Story v. Norwood, 659 F.3d 680, 685 (8th Cir. 2011). Like other courts, I have read "contrary to law" within the meaning of Rule 72(a) (and, hence, § 636(b)(1)(A)) to mean failure to apply or misapplication of relevant statutes, case law, or rules of procedure. See United States v. Melton, 948 F.Supp.2d 998, 1002 (N.D. Iowa 2013) (quoting Catskill Dev., L.L.C. v. Park Place Entm't Corp., 206 F.R.D. 78, 86 (S.D.N.Y. 2002)).

I have reviewed the challenged portions of Judge Strand's Order and the only firm and definite conviction that I am left with is that GLCC's objections smell more of "working the file" than of a good faith challenge to portions of Judge Strand's Order on which reasonable people could disagree. Certainly, GLCC has pointed to no part of the Order that is plainly contrary to controlling case law, statutes, or rules. At most, GLCC has pointed to instances where other courts have resolved similar issues differently, but even then, GLCC has failed to demonstrate that those issues were raised in sufficiently similar contexts to suggest that Judge Strand's resolutions were even arguably "misapplications" of controlling case law, statutes, or rules. Thus, I find no part of Judge Strand's Order that is "contrary to law." 28 U.S.C. § 636(b)(1)(A); FED. R. CIV. P. 72(a); see, e.g., Melton, 948 F.Supp.2d at 1002.

Nor do I find any part of Judge Strand's Order to be "clearly erroneous." Id.; FED. R. CIV. P. 72(a); Story, 659 F.3d at 685. I find that all of the challenged findings are well-supported by the record, including, in particular, Judge Strand's finding that the Second Amended Complaint asserts claims that are similar to those pending in a related lawsuit in Maryland state court, but that they are "crucially different, " because the claims in the Maryland lawsuit allege that wrongdoing of others caused GLCC to violate its agreements with CVL, while the claims in this action allege that GLCC was a full participant in that wrongdoing, not a victim or tool of others; that CVL's prior threats to amend its complaint did not demonstrate that CVL unreasonably delayed filing the motion to amend until it had discovered sufficient factual basis for the amendment; that GLCC's misconduct in discovery was substantially responsible for CVL's inability to assert the amended claims sooner; and that GLCC will not be prejudiced by granting CVL leave to assert all of its claims of GLCC's alleged misconduct, and the allegedly related misconduct of others, in this lawsuit.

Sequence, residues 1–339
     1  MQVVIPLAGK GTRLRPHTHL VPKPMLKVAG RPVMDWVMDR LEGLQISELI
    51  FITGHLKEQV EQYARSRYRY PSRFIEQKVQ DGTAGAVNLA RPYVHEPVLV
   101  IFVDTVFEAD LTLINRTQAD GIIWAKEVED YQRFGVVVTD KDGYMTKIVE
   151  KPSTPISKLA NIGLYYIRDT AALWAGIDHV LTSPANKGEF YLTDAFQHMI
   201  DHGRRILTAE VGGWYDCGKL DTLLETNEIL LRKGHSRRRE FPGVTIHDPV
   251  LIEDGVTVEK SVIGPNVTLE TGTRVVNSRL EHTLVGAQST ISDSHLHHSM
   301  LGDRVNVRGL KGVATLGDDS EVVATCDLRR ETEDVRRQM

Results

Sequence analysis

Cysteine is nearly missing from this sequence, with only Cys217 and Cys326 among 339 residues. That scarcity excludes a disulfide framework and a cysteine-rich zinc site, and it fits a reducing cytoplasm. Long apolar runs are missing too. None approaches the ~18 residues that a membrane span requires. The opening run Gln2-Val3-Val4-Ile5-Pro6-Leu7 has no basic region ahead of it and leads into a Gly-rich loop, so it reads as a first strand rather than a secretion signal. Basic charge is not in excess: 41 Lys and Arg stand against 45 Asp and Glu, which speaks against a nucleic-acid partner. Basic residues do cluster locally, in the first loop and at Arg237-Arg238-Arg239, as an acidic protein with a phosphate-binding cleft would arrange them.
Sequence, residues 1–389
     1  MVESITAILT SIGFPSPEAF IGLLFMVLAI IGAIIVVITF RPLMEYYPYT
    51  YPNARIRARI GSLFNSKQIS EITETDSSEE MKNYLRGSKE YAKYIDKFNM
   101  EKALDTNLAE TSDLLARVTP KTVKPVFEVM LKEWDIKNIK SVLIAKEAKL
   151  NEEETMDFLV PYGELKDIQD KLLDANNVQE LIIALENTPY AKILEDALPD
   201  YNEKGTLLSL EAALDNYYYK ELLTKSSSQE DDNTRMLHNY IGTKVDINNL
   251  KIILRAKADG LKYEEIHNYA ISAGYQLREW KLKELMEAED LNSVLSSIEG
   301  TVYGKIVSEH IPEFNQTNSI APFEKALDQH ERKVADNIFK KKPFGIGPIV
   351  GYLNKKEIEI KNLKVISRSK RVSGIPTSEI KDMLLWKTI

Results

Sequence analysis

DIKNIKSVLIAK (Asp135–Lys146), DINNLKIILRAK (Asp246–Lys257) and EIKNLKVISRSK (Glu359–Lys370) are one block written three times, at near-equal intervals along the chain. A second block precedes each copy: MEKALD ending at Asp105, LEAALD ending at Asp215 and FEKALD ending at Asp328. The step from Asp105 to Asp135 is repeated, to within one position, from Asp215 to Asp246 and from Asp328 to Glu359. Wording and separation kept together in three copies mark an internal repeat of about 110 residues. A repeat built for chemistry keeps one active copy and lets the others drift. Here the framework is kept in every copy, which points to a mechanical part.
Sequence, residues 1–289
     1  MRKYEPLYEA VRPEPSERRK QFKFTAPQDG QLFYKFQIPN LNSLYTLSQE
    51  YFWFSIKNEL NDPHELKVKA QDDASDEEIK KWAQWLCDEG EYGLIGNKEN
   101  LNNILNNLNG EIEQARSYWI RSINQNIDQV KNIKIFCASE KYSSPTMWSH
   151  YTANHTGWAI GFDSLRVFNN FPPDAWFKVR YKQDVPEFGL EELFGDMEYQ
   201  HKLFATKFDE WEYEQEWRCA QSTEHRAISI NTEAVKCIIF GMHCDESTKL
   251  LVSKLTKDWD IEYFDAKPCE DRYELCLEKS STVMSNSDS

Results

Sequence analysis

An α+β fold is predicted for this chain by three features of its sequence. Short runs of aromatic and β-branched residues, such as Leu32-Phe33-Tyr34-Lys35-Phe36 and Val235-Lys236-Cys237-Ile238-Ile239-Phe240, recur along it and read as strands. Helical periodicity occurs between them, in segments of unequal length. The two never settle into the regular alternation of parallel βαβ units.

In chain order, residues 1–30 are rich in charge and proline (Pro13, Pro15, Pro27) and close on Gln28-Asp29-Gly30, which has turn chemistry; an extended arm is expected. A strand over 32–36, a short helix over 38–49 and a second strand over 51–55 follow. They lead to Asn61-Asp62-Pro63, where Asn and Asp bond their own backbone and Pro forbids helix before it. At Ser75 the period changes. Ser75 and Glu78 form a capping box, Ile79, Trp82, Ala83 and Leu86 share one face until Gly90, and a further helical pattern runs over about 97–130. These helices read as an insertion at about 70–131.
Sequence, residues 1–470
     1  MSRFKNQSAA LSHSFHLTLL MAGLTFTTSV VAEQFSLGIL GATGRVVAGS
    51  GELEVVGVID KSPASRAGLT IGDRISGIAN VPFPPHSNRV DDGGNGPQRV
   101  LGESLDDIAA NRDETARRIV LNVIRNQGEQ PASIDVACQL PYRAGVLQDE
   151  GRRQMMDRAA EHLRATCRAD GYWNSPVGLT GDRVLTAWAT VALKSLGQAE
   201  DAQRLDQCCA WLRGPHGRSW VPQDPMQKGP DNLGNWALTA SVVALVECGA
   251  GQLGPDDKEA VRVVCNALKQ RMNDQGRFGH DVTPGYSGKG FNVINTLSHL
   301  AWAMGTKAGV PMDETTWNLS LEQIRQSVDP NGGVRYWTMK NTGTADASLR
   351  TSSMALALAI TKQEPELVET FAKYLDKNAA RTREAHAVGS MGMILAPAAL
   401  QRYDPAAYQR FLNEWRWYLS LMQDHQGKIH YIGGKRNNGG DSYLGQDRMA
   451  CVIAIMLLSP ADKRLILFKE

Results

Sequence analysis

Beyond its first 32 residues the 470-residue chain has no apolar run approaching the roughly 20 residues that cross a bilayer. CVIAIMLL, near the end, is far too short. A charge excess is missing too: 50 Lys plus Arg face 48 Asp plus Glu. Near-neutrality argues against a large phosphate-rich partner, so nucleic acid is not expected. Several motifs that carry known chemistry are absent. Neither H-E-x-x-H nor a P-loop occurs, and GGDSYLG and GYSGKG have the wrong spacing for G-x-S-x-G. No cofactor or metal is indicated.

Finally, I find that Judge Strand's conclusion that the proposed amendment should be allowed over GLCC's "futility" objections-many of which GLCC asserts on behalf of new defendants who will have their own opportunity to challenge the claims against them on Rule 12 grounds-is neither contrary to law nor clearly erroneous, even though Judge Strand stated that he would not deny leave to amend unless all of the proposed new claims were "futile." At most, GLCC has shown that courts may consider the "futility" of proposed new claims piecemeal, but not that courts must do so. Judge Strand did not find any claims to be "futile, " even if he considered some of them weak, and he properly left most of GLCC's "futility" challenges for consideration at the proper procedural stage, that is, on Rule 12 motions in response to the Second Amended Complaint by the appropriate parties, including GLCC.

THEREFORE, defendant GLCC's December 18, 2013, Objection To Order Granting Motion For Leave To File Second Amended Complaint (docket no. 195) is overruled, and United States Magistrate Judge Leonard T. Strand's December 4, 2013, Order Granting Plaintiff's Motion For Leave To File Second Amended Complaint (docket no. 186) is affirmed.

IT IS SO ORDERED.